A message from Doug Elmendorf, Dean of Harvard Kennedy School
As some of you have heard, Archon Fung will be stepping down from his role as Academic Dean of the Kennedy School at the end of this academic year. Archon has been a terrific Academic Dean, and we will all miss him in this role very much.
Archon has served in this crucial and demanding position for four years – one year working with David Ellwood, half a year being Acting Dean, and two-and-a-half years showing me the ropes. Most importantly, he has led our efforts to recruit and retain outstanding faculty members, winning many (though, alas, not all) of these competitions with other schools and playing a crucial role in building the Kennedy School faculty of the future. Archon led a Kennedy School task force on diversity and inclusion to produce a valuable report last spring that has guided our efforts during this year, and he co-chaired a University task force on these issues that reported just a few months ago. He has played a crucial role in launching new initiatives, including our digitalHKS efforts, a review of the MPP core curriculum, and an online credential program targeted at midcareer students. He has worked with me to select people for leadership roles around the School. And more. In sum, Archon has been my invaluable partner in nearly all of our important efforts of the past few years.
I am sorry that I will not have a chance to work with Archon every day in the coming years, but I know he is eager to refocus his attention on ways to strengthen democracy in this country and around the world, and I am looking forward to seeing what he will do. We will find an appropriate time to honor Archon’s service as Academic Dean.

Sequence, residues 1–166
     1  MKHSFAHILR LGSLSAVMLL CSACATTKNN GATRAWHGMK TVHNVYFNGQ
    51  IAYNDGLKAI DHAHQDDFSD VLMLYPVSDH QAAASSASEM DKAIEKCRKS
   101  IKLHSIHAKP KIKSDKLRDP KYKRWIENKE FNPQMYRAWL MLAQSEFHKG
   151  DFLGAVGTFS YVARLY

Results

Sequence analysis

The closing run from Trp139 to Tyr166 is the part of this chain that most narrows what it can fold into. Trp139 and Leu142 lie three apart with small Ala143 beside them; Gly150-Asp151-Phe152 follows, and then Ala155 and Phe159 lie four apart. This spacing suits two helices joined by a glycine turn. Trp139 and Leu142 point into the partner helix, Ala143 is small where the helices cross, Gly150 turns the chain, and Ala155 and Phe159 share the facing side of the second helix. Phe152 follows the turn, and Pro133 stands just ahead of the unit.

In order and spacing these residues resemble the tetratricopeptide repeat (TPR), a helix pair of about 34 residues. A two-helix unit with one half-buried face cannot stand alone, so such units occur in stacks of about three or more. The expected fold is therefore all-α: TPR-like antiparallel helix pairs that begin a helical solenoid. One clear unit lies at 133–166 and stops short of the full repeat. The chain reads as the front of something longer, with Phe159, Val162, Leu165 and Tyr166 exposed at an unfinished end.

Meanwhile, the work goes on, and so …
I am thrilled to announce that Iris Bohnet will be our new Academic Dean. Iris is Roy E. Larsen Professor of Public Policy and the Director of the Kennedy School’s Women and Public Policy Program. Iris has a doctorate in economics from the University of Zurich and has been on the faculty here since 1998.
For those who do not know her, Iris is a behavioral economist, combining insights from economics and psychology to improve decision-making. She has published numerous papers on trust, negotiation, and institutions in a wide range of academic journals, and she has received various grants and awards for her research.
Iris’s recent book, What Works: Gender Equality by Design, shows how purposeful design can reduce gender bias in our workplaces and our lives, and she advises governments and companies around the world on this subject. Through the efforts of many people, the Women and Public Policy Program has become a consequential force in enhancing gender equity, and it is reaching new heights under Iris’s leadership.
Iris also serves the Kennedy School community in many other ways. She has been co-chair of the Kennedy School’s Behavioral Insights Group and associate director of Harvard’s Laboratory for Decision Science. She chairs the executive education program that the Kennedy School offers to the World Economic Forum’s Young Global Leaders. She teaches a course on Behavioral Science for Inclusive Organizations and has been heading up our PhD in Public Policy admissions committee.
Iris did a superb job as Academic Dean from 2011 to 2014, and I am delighted that she has agreed to return to this role. I am looking forward eagerly to working with her!
As part of this transition, Iris will be sharing her leadership role at the Women and Public Policy Program with Hannah Riley Bowles. Iris and Hannah will now serve as co-directors of this research center and work as partners to propel the center forward.
Hannah is a Senior Lecturer in Public Policy and area chair for Management, Leadership, and Decision Sciences, a role in which she excels. She is affiliated with both the Women and Public Policy Program and our Center for Public Leadership. Hannah has an MPP from the Kennedy School and a doctorate in business administration from Harvard Business School. Among her other activities, Hannah leads an executive education course titled “Women and Power”; the Financial Times recently ran a story about the way this course is helping a female leader in Malawi work toward her goal of becoming a member of Parliament.